The report also highlights government whip Glenn Bedingfield’s role in generating hostility towards the journalist given that at the time he ran a blog dedicated to attacking Caruana Galizia while working at the prime minister’s communications office (pgs 246-252).
Labour MP Bedingfield defended his actions by saying that his blog was “an equal and opposite reaction” to Caruana Galizia’s writing. This notion is rejected by the board that said there was nothing “equal” between the writings of the public official and the journalist, given that Bedingfield had a media house, the power of a governing political party, and near-infinite resources at his disposal (pg 247).
The inquiry board clearly identifies the disparity between Bedingfield, a government official at the centre of power attacking a journalist, and a journalist “attacking” the government on the other hand (pg 248).
Similarly, it noted how other government officials such as Neville Gafa had no qualms about sharing Facebook posts with images of witches, disgusting creatures with Caruana Galizia’s face photoshopped on them or even stalking her and uploading photos. The board noted how even the police, whose role is to protect and defend, not only stood by doing nothing but also became another source of annoyance and harassment as people maliciously reported false offences such as a fictitious “hit and run” incident in 2013 (pg 253).
Casting Caruana Galizia as ‘fair game’
In the section dedicated to the implications of the dehumanisation campaign against Caruana Galizia, another salient detail considered by the board is how incidents like that of Ignatius Farrugia impacted people’s perception of the journalist.
In 2013, shortly after the elections, the Mayor of Zurrieq at the time, Ignatius Farrugia, along with a small crowd of supporters chased and accosted Caruana Galizia in Rabat, forcing her to take shelter inside a Franciscan convent.
When, on appeal, Farrugia was acquitted (because of an error in the sentencing process by Judge Giovanni Grixti) of the harassment charges filed against him and a presidential pardon was subsequently issued, the board writes that what the public will have noticed is not the legal circumstances that led to the pardon, but that Farrugia was involved in an altercation with the journalist and was acquitted of all charges – meaning that the journalist was fair game for those that wished to harm her (pg 250).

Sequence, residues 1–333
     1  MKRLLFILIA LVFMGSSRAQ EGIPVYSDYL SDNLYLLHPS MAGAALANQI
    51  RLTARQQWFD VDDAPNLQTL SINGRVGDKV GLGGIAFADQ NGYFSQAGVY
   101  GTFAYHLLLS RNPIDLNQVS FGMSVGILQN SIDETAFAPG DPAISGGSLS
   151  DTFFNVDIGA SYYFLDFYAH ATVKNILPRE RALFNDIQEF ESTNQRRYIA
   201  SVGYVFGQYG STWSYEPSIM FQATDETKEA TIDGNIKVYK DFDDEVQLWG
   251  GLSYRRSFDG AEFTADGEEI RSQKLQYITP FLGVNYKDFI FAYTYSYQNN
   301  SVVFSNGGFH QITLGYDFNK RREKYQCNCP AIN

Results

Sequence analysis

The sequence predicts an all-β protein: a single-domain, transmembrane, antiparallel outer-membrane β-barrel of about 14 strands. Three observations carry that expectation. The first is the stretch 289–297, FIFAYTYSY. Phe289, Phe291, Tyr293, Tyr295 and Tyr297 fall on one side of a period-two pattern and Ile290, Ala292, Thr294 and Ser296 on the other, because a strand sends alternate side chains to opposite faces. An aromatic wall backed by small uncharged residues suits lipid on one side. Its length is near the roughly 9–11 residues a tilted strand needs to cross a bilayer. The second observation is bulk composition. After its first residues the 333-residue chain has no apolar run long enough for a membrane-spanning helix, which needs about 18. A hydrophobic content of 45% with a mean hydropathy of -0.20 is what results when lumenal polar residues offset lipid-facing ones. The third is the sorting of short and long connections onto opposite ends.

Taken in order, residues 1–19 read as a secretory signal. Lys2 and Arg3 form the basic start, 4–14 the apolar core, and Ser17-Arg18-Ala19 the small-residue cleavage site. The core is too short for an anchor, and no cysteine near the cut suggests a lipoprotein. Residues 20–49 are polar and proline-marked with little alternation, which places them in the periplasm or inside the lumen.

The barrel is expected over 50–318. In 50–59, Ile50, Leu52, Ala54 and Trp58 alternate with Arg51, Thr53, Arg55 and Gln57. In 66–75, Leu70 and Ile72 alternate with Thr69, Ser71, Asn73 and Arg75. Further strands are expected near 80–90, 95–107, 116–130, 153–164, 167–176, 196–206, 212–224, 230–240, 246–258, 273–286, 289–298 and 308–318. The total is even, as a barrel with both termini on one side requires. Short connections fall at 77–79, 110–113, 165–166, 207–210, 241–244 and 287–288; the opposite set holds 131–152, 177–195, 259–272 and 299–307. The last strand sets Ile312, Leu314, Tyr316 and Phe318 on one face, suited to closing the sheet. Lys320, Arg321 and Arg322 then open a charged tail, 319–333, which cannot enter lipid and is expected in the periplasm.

Moreover, purposefully adding Caruana Galizia’s face to a Labour party billboard together with members of the Nationalist party served to identify her as a member of the opposition (pg 251).
The Shift’s exposure of PL’s secret hate groups
The research presented to the inquiry board by The Shift’s founder Caroline Muscat centred around the six-month investigation into the PL’s secret, closed groups on Facebook. The undercover investigation began after The Shift’s journalists and researchers were given access by a whistleblower to numerous previously closely guarded groups.
The Shift’s research charts these groups’ role in the online hatred campaign faced by Daphne Caruana Galizia. The groups continued their dehumanisation campaign well after her death while also discrediting government critics such as the Daphne Project, local journalists, activists, and opposition MPs.
However, it was the involvement of government officials and public service employees in actively administering and moderating the groups “including screening members for PL membership and curating content by removing critical views,” that set these groups apart.
It is of profound importance that a public inquiry report of this magnitude has included the element of the state-sponsored vilification and dehumanisation of Caruana Galizia.
It is important because for too long, those in power played down, dismissed, or defended this behaviour under the guise of freedom of speech.
It is important because it will become part of an extensive body of international research documenting the state-sponsored harassment of journalists.
It is important not only because it reminds us that the assassination didn’t occur within a vacuum but, most importantly, as her son Paul pointed out, because “it restores her humanity”, a humanity that was slowly etched away over the years.
Download: Evidence of the dehumanisation campaign against assassinated journalist Daphne Caruana Galizia.